Never forget that when Patti LuPone was fired from Sunset Boulevard, she sued Andrew Lloyd Webber for a million dollars, which she used to get a pool, which she calls “The Andrew Lloyd Webber Memorial Pool”
We should all aspire to this level of shade.
Things from musicals that are so perfect they are borderline erotic
When Jonathan Groff first comes in in The Bitch of Living. The third and fourth “burn"s in Burn and Phillipa Soo’s voice all the time. Shoutout to the final “mine” too; that’s gorgeous. Pia Douwes’s voice, and how it is somehow simultaneously smooth and pure and beautifully rough. The harmonies at the end of Make Up Your Mind/Catch Me I’m Falling. The “or"s at the end of lines in Pretty Women. “Would you think so badly of me” in Sonya and Natasha. The dissidence of "trees” in Darkness and Trees. How Phillipa Soo’s voice blends perfectly with the violins in Natasha Lost. “I wish I could fly” from Superboy and the Invisible Girl. That thing in The Bitch of Living when they are all jumping around chaotically and then suddenly are frozen singing “do they think we want this?” (Start at 2:40 for the full effect.) That thing Karen David does in like every song in Galavant where her voice changes pitch slightly and damn. The way “sadness” is sung in Don’t Do Sadness. Also the strings. The piano in Hurricane. The thing they do in Stop the World with the turntable and the chairs and everyone singing in a really lovely harmony with just the perfect amount of dissidence and sweet damn I love everything about it. The harmonies in Boote in Der Nacht. JD’s part in Our Love is God. Absolutely everything about how Philippa Soo sings Times Are Hard for Dreamers. (Her voice is 15% of this list and that’s me holding back help it’s so beautiful.) Magaldi’s verse in On This Night of a Thousand Stars. Renée Elise Goldsberry rapping. And singing. Both “nothing, it was nothing, I didn’t lead him on at all” and “back in the theatre full of light” in Natasha Lost. Jenn Colella singing her phone call in Phoning Home. Jenn Colella everywhere else let’s be real. When Eva starts singing in High Flying Adored. The instrumental part at the beginning of Wen Ich Tanzen Will. And the way they say “tanzen” it is amazing. How syrupy and rich Jasmine Cephas Jones’ voice is in Say No to This. That part of Seventeen when JD and Veronica are singing “seventeen” together and he’s singing higher than her. The end of My Eyes. Vocally, and the choreography. “Sing a song of forge-e-e-ting” from the song of that name. Everything about Sophie McShera’s voice, especially when she’s singing her parts of A Happy Ending for Us. The slight roughness in John Gallagher Jr.’s voice. How drowsy and sexy Idina Menzel’s voice is in As Long As You’re Mine. Also when she sings “it well may be” in For Good. (It’s nice for different reasons of course.) Chris Jackson’s voice in One Last Time. And in every other song.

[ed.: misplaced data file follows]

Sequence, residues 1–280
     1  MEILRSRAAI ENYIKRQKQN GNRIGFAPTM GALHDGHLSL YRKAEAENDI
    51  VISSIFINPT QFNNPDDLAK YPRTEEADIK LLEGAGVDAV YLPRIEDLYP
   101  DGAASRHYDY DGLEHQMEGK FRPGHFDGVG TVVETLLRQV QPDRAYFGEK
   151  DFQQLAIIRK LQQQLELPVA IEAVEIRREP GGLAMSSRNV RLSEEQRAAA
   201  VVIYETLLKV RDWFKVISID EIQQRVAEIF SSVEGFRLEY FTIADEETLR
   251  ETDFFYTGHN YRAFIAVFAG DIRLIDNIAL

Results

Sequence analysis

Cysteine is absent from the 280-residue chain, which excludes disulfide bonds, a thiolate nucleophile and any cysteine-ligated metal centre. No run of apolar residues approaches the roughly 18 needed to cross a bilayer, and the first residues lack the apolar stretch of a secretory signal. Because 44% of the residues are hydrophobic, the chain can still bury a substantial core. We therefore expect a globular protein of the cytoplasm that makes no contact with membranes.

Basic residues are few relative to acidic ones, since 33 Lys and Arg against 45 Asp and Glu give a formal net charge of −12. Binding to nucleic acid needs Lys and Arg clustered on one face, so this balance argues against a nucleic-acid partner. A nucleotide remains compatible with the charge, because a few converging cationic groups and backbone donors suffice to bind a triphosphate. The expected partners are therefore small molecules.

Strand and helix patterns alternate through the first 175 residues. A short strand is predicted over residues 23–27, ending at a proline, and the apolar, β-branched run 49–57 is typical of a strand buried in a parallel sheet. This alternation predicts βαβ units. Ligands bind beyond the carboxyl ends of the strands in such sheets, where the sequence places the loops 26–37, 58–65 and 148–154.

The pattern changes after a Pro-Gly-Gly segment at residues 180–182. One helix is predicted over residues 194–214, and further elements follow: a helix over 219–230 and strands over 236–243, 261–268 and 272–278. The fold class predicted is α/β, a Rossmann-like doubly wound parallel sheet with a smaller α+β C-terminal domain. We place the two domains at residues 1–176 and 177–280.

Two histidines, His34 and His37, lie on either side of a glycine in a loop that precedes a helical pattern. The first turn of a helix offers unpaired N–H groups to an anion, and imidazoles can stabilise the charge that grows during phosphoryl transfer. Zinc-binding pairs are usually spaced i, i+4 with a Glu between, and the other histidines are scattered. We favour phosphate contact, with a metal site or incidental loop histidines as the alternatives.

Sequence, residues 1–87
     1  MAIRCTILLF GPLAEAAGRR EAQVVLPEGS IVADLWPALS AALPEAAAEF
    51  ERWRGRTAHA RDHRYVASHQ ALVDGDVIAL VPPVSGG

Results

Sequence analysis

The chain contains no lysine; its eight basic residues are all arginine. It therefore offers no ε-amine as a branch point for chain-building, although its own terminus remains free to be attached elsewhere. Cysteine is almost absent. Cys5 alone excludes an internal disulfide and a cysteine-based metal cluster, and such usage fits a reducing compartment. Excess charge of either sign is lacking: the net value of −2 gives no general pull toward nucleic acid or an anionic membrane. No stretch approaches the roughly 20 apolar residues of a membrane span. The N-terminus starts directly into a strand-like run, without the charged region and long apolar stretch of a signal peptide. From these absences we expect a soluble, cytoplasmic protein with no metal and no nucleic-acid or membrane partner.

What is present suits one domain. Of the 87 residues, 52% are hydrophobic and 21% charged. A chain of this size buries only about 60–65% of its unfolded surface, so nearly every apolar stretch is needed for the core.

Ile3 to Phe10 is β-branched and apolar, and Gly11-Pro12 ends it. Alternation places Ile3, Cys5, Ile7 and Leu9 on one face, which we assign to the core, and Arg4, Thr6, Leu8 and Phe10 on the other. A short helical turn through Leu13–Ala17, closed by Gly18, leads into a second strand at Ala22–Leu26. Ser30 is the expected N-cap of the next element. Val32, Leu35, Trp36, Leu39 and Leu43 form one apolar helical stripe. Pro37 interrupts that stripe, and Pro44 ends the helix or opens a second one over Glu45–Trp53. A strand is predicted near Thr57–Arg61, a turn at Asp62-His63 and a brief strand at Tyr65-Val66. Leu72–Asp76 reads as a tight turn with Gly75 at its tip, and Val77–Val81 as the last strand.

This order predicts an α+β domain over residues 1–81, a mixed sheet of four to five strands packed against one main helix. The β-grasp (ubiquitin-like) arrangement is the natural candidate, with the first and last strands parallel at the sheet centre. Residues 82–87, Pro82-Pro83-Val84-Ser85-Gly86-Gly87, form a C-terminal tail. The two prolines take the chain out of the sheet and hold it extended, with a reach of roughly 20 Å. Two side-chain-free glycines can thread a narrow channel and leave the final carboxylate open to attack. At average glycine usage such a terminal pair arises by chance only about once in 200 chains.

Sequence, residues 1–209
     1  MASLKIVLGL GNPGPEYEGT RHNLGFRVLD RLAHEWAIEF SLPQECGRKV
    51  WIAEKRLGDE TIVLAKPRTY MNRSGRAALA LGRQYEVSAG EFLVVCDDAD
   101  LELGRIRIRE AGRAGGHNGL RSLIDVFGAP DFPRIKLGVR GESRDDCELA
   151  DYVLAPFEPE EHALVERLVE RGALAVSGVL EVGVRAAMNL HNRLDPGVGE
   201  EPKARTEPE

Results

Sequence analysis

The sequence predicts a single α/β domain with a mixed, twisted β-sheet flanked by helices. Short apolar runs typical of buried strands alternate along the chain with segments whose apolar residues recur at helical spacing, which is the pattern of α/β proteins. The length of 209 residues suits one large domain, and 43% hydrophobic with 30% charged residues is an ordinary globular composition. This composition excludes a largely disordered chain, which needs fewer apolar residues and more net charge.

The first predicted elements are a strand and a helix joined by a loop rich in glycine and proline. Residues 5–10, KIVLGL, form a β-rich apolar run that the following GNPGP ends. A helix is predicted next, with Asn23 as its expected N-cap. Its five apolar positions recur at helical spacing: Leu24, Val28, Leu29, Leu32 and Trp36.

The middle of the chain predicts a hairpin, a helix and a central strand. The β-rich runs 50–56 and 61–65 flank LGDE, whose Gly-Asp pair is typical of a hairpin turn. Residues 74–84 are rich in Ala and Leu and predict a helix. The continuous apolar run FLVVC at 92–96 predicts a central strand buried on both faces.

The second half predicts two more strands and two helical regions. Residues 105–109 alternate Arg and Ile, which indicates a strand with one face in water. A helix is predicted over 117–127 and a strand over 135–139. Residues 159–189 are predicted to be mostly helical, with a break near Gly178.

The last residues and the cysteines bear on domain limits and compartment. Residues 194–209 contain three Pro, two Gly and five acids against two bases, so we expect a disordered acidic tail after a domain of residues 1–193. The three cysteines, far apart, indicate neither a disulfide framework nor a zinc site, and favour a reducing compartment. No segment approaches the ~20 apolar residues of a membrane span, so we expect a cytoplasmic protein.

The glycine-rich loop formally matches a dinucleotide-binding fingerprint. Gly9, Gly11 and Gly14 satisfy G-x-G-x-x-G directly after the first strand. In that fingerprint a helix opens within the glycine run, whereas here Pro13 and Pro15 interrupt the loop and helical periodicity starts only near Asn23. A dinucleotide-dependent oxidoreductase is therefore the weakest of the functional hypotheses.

in the eye of the hurricane- the last song in a musical before everything goes to shit
hurricane - hamilton // telephone wire - fun home // some things are meant to be - little women: the musical // promise - bare: a pop opera // i don’t care much - cabaret // that face - dogfight // prom climax - carrie // something isn’t right here - bring it on // yo girl - heathers: the musical // waltz for eva and che - evita // not while i’m around - sweeney todd // any moment / moments in the wood - into the woods // talk show - jon & jen // contact - rent // don’t do sadness / blue wind - spring awakening // on the willows - godspell // the long grift - hedwig and the angry inch // bare - bare: a pop opera //
Mezzo-sopranos, being in the most common vocal register for women, come in a wide variety of types. They can be a wide range of ages, although female characters over fifty tend to be altos more often than mezzos. The majority of mezzo singing, especially nowadays, is belting and as such mezzos are especially common in pop- or rock-oriented musicals. Just as the leads in most operas are sopranos, the secondary female characters - commonly referred to as “witches, bitches and britches (cross-dressing roles)” - are generally mezzos; this is not uncommon in modern musicals, where frequently the soprano will be the main love interest and the mezzo her best friend or rival. Also referred to in many productions as a “belt” voice, for someone who can strongly sing passages in the middle and high register in her chest voice (rather than the soprano’s lighter head voice).